by Mary Duggan
If you’ve been following along with the story behind our little business for awhile now, then you probably remember reading about our dear friend and neighbor, Ruth McNeill-Opyt.
We grew up in a big old corner farmhouse on one end of a long block in a tree-lined historic district on the South Side of Chicago. Ruthie lived in her tidy little dollhouse Georgian at the other end of that same long street. The very street where we, as sisters, still live and work to this day. Ruthie raised her 3 children at one end of the block; our mom raised her eleven at the other end. And while their lives did not cross often, they both held each other in very high esteem. Ruthie, a Protestant, used to say that she upheld one end of the block while our mother, a Catholic, upheld the other. Each of them referenced the other as always waving and having such a wonderful smile as they zipped past each other in cars filled with kids. A passing that lasted for decades.
When Clare was a little girl, she used to stop at Ruthie’s on her way home from school. She would settle into a lawn chair next to Ruthie’s beloved husband, Arthur, and fill him in on all the happenings from her day at St. Barnabas Grade School. Art was in retirement by then, and Ruthie used to love looking out her kitchen window at the two of them chatting and meeting a big need in each other’s life. Clare’s father had flown the coop when she was just a toddler, so she was always on the lookout for kind and interested father figures. Art’s career had ended and his kids were grown and gone, so Clare was a very bright and chatty spark that warmed his day. Art and Ruthie loved to garden and our mom always remembered the day Clare came home excited, her hand clenched in a tight fist. Inside that fist, harvested seeds from the pods of Ruthie’s prized poppies. To this day, self-seeding stragglers from those long ago poppies still come up each year in the small scrap of grass just outside Ruthie’s front door. Truly, Arthur, Ruth and Clare were the best of friends – though they were, of course, Mr. and Mrs. McNeill back in the formal days of our youth.
Many years later when it was time for me to buy my very first home, I landed back on the old block, landing somewhere in the middle of that long street, in a tiny little cottage from the turn of the century. Returning to the street of my childhood proved immediately to be a mixed bag emotionally. Geographically it placed me in the same neighborhood as my rapidly aging mom, so it was convenient. But emotionally it placed me knee-deep in happy childhood memories that did not sync up with the current day reality of less-than-friendly neighbors and a house with lots of hidden and expensive problems. As soon as I had accomplished the lion’s share of the unpacking, Clare encouraged me to go and find Ruthie. I’m sure she’s still there, she said. And she will make everything feel better.
She was and she did. Our lives overlapped for a little more than a year, before Ruthie wisely but oh-so-sadly put her house on the market and joined her kids in Florida where they could guarantee her daily doses of sunshine, safety and love. It was only one year; but it was a year I will treasure forever.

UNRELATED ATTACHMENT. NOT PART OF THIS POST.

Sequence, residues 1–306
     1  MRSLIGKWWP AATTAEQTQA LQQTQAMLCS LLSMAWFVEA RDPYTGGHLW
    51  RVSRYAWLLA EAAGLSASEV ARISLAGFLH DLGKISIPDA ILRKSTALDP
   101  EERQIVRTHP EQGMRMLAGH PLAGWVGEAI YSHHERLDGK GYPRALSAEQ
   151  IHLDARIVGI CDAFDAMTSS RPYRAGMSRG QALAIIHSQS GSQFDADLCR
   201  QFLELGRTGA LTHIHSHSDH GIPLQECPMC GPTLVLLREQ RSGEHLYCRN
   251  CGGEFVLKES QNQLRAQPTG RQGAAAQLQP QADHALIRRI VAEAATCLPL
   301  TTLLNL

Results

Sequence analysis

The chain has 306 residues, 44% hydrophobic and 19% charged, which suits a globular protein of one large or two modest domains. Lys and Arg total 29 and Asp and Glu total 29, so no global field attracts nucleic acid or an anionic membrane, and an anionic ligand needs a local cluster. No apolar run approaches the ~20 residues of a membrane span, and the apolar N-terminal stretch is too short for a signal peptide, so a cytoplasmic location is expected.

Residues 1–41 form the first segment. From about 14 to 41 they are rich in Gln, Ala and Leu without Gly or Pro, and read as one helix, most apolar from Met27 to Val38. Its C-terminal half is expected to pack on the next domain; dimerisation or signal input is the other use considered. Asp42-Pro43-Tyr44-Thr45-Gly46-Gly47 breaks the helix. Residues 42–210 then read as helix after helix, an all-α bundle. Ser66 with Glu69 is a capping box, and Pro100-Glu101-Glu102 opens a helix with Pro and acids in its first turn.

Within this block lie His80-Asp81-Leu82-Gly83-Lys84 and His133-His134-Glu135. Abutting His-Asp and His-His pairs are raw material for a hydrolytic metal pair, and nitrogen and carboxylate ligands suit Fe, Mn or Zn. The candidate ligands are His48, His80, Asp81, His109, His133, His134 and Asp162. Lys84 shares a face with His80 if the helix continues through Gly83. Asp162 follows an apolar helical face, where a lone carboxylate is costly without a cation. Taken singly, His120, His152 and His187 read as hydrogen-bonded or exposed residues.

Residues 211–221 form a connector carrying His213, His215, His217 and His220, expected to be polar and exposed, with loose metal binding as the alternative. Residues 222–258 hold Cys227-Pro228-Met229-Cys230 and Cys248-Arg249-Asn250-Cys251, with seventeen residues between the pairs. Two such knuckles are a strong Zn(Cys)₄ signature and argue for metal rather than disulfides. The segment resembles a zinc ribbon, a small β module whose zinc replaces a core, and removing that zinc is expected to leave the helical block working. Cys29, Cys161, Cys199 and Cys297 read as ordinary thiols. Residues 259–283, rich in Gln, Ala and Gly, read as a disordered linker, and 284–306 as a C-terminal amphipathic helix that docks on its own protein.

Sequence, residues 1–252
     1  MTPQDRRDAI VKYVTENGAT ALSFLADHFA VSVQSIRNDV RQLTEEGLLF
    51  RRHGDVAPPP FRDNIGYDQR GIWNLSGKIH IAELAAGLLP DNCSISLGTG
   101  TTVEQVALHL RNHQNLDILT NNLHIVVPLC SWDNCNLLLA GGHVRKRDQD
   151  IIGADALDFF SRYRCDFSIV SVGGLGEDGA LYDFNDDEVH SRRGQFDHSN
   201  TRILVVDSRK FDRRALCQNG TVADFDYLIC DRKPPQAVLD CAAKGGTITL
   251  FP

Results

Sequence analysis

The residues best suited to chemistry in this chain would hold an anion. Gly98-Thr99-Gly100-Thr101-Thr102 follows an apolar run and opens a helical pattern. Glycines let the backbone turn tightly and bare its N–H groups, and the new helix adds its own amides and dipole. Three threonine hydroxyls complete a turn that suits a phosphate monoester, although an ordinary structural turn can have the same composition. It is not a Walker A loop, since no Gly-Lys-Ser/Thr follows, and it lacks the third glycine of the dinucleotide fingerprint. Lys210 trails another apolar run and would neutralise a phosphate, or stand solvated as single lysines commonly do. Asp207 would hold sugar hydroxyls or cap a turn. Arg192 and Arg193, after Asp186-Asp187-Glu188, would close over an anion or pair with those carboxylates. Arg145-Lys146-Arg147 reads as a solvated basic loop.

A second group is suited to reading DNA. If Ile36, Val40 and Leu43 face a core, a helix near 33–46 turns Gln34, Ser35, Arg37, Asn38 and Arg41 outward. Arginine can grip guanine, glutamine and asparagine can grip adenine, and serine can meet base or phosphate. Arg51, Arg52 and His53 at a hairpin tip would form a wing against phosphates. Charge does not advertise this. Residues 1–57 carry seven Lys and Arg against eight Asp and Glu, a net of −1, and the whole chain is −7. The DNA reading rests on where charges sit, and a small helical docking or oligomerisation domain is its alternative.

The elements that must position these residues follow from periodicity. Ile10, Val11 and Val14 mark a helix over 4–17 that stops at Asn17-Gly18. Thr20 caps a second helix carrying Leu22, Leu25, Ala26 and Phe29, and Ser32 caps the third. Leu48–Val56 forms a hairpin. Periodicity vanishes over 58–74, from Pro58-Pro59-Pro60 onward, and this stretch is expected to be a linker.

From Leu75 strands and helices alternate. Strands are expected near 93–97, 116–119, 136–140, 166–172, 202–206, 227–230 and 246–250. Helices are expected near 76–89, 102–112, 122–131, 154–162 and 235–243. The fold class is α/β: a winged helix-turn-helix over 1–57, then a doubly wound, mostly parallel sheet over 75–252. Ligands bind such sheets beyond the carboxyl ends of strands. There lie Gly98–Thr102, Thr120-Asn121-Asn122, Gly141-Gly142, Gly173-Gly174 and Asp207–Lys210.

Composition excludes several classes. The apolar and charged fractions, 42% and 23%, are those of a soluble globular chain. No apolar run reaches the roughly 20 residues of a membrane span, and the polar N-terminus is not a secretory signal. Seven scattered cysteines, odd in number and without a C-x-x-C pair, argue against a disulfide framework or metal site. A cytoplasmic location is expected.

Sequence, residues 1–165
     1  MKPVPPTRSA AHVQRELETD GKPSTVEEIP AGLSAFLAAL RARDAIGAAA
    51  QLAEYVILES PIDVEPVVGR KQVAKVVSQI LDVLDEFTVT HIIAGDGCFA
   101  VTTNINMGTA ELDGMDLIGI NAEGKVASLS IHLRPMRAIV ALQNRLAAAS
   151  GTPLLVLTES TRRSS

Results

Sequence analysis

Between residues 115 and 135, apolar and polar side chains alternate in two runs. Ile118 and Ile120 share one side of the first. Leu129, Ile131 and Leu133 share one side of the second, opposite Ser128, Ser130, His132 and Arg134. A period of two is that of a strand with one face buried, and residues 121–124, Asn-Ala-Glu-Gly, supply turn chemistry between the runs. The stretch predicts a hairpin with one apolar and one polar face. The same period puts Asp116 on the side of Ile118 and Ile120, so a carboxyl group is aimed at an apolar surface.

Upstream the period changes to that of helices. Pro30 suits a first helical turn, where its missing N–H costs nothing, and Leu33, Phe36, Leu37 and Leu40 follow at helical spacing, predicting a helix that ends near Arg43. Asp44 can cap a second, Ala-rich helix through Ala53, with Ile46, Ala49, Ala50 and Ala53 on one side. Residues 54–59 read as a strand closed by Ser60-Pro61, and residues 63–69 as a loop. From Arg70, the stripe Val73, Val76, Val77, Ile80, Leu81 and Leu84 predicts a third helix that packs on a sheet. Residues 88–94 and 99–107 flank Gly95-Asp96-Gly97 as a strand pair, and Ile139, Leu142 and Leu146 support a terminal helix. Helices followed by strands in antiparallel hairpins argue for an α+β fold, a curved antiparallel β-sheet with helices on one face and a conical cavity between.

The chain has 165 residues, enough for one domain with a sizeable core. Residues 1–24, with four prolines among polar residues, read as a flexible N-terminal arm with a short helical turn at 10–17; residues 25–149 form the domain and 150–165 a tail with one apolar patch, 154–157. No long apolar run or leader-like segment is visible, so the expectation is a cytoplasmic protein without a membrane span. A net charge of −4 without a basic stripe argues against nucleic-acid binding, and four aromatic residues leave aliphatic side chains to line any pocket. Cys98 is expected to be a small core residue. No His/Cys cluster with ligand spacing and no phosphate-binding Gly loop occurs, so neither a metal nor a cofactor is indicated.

Just shy of 90 years of age, Ruthie was a pistol – funny, engaging, no nonsense and more loving than anyone I have ever known. We would sit for hours on her stoop swapping stories, laughing, and getting to know each other until our fannies ached from the concrete. Sometimes, when the weather was nice and time permitted Ruthie would even bring out a small pillow to sit upon. All the love I had known on that block as a child, but had not encountered upon my return so many decades later, was restored in my friendship with Ruthie.
Ruthie still drove and I can remember the day she came peeling down the street, and swerved quickly into my driveway. I have news, she said. Big, bad news. She would be moving to Florida. And with her would go my only friend on the block. Ruthie, who’d survived two wonderful marriages to two wonderful men. Ruthie, whose favorite color was red and so she wore it often. Ruthie, who so loved cardinals that most days her clothes had some sort of cardinal motif on them. Ruthie, the life long Cubs fan who never missed a game. Ruthie whose favorite bird, the cardinal, was so identified with her that her entire living room was full of variations on cardinal – from folk art to fine art, from schmaltz to lovely and everything in between. Cardinal tchotchkes were everyone’s gift of choice for their friend. And Ruthie had lots of friends.
But I was so sad when Ruthie gave me the news that I felt like I was losing my best friend on earth. Ruthie would be gone and with her would go all the love and all the wonderful stories. Rural life and growing up in Lodi, Wisconsin. Stories of her grandfather, the master German metal crafter, recruited to move to the US by P. T. Barnum himself who had a need for a man like him inside the circus. That same grandfather, and his subsequent marriage to the young woman hired to tutor him in English. And the oft-told family joke: of course, she’d taught him the critical phrase, “Will you marry me?” And other stories like the sad account of her young brother’s untimely death and Ruthie’s standard refrain when she had to recount anything tragic – “It was just one of those things.”